It is common knowledge that keeping track of all the exams, shots, and other preventative healthcare procedures you require to maintain good health throughout your life can be difficult, especially for men. To help with this process, here are some health checks men should do in their 20’s, 30’s, 40’s and 50’s, as well as the necessary screening tests and vaccines.
Health Checks Men Should Do in Their 20s and 30s
The best time to establish a long-term working relationship with a family or primary care doctor is in the early years of maturity. You’ll have someone to talk to about any health problems that you can trust and who is knowledgeable with your lifestyle and medical background in this way.
That’s crucial when it comes to conditions like testicular cancer that could be awkward to talk about or aren’t constantly checked for. Because it is a very uncommon condition with a good likelihood of survival, some men, for instance, would disregard the symptoms in this scenario. However, among males aged 15 to 34, testicular cancer is the most common kind of cancer. It’s crucial to let your doctor know if you find a lump or have discomfort in one of your testicles.
Review With Your Doctor
- Sexual history and condom use.
- Diet, exercise, and sleep habits.
- Smoking, alcohol consumption, and any other substance-use habits.
- Tetanus booster, every 10 years.
- Human papillomavirus (HPV) vaccine, if you’re younger than 26 and haven’t received it yet.
Screening Test Health checks Men should do in their 20’s & 30’s
Sexually Transmitted Diseases; We recommends that sexually active men should get screened at least once a year for chlamydia, gonorrhea, and syphilis. And all men should get tested for HIV at least once.
Also, everyone between ages 13 and 64 should be tested during their lifetime. (If you have certain risk factors, you’ll need additional screenings.)
Blood Pressure; Do a check at least once every three to five years, or more frequently if you are at risk for hypertension.
Cholesterol; Every four to six years, get your cholesterol checked. You might need to do this more frequently if you have diabetes, heart disease, a family history of the condition, or other cardiac risk factors.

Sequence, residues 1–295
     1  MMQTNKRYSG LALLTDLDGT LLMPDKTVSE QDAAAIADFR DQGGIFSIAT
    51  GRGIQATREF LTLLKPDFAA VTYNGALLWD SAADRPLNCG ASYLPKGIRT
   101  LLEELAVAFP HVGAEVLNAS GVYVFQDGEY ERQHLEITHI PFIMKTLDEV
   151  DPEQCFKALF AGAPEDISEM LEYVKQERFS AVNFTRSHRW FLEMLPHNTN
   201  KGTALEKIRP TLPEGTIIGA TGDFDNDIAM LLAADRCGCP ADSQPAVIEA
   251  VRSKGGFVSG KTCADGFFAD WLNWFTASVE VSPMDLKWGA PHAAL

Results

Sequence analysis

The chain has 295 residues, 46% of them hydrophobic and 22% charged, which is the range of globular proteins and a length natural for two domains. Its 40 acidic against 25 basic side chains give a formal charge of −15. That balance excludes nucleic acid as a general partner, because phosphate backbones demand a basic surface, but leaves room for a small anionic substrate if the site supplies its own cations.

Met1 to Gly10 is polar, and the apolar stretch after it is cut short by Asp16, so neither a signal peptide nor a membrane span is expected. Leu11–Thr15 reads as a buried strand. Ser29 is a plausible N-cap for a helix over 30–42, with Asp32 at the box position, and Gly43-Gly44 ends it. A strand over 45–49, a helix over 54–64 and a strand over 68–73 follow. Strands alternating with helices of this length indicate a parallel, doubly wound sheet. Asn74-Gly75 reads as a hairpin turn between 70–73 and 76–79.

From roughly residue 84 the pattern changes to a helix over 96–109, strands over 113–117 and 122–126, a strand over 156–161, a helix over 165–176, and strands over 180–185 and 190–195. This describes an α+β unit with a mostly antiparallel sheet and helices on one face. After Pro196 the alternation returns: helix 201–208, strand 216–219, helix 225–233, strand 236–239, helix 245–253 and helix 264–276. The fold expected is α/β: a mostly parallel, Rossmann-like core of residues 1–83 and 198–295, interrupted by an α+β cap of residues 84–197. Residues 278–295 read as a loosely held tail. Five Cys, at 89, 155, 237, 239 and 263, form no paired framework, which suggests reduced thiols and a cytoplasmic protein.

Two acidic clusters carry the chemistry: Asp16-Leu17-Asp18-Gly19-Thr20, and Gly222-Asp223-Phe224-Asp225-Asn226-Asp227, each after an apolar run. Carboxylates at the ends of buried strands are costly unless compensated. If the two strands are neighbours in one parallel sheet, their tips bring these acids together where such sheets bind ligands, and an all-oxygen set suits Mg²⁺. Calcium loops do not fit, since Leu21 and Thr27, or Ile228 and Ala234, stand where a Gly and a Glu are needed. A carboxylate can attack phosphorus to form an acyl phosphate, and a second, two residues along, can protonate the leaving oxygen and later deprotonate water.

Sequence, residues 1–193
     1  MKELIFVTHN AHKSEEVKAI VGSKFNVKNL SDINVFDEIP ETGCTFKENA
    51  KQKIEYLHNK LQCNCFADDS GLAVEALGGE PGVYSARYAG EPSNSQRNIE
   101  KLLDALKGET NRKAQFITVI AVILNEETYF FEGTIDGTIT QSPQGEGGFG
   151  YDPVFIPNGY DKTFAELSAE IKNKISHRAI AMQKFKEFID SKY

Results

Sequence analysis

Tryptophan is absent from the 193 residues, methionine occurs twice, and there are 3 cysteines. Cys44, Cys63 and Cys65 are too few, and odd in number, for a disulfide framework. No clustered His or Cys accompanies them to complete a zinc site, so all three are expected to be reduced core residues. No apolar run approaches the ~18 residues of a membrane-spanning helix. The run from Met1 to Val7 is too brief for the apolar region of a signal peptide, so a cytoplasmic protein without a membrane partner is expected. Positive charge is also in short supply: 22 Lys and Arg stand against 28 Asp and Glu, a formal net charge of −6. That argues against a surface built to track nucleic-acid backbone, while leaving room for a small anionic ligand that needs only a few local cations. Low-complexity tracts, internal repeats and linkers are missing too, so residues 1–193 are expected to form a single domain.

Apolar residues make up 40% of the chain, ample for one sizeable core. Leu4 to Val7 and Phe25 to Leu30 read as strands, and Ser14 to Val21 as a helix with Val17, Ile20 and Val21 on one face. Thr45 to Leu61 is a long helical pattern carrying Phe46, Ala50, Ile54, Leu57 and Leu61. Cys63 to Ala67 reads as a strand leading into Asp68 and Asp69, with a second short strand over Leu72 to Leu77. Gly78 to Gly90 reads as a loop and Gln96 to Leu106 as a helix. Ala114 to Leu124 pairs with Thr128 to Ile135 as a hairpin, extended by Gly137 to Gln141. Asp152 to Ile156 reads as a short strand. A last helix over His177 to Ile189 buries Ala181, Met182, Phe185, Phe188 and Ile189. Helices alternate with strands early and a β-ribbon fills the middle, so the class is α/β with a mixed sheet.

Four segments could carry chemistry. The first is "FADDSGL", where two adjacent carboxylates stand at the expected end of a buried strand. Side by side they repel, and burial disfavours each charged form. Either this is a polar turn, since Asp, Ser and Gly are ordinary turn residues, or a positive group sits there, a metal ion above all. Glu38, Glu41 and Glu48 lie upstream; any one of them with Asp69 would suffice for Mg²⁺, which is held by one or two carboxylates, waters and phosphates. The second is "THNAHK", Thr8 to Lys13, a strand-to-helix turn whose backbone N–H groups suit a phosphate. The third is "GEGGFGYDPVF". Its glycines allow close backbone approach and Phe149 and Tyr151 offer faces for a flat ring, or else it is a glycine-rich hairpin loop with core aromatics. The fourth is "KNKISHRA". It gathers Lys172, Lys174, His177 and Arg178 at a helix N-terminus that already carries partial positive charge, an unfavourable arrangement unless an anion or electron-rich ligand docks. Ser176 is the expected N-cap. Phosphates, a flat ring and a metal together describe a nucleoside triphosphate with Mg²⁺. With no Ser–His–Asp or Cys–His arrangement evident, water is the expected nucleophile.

Health Checks Men Should Do in Their 40s and 50s
These years may see an increase in your cardiovascular risk factors, such as high blood pressure and weight growth. Additionally, since metabolism typically slows down as people get older, it’s crucial for males in this age bracket to maintain healthy food and exercise routines. This will lower your risk of heart disease and help you maintain a healthy weight.
Talking with your doctor is necessary when it comes to prostate cancer screening. Men should not have a PSA blood test unless they specifically request one after learning about the pros and cons of doing so. Talk with your doctor about your personal risk profile for prostate cancer; people who have a family history of prostate cancer might be at higher risk.
Tetanus booster, every 10 years.
Screening Test Health checks Men should do in their 40’s & 50’s
Sexually transmitted disease; We recommend that sexually active men should get screened at least once a year for chlamydia, gonorrhea, and syphilis.
Blood pressure; Have it checked at least once every year.
Cholesterol; Continue blood tests for cholesterol every four to six years, depending on risk factors.
Type 2 diabetes; If you’re overweight or obese, have a blood test every three years.
- Yearly guaiac-based fecal occult blood test (gFOBT)
- Yearly fecal immunochemical test (FIT)
- Multi-targeted stool DNA test (MT-sDNA) every 3 years.
- Flexible sigmoidoscopy (FSIG) every 5 years.
- CT colonography (virtual colonoscopy) every 5 years.
- Colonoscopy every 10 years.
Prostate cancer; Regular prostate specific antigen (PSA) tests, which may detect prostate cancer, might not be necessary. Be sure to talk to your doctor about the risks and benefits of the test. If you’re concerned about prostate cancer, talk with your doctor at 55 or earlier about whether you’re at increased risk.
Staying socially involved and physically active can be good for your emotional well-being and cognition. Aerobic exercise and strength training, as well as tai chi, can improve brain function in people older than 50, even for those who are beginning to experience cognitive decline. (Avoid memory supplements)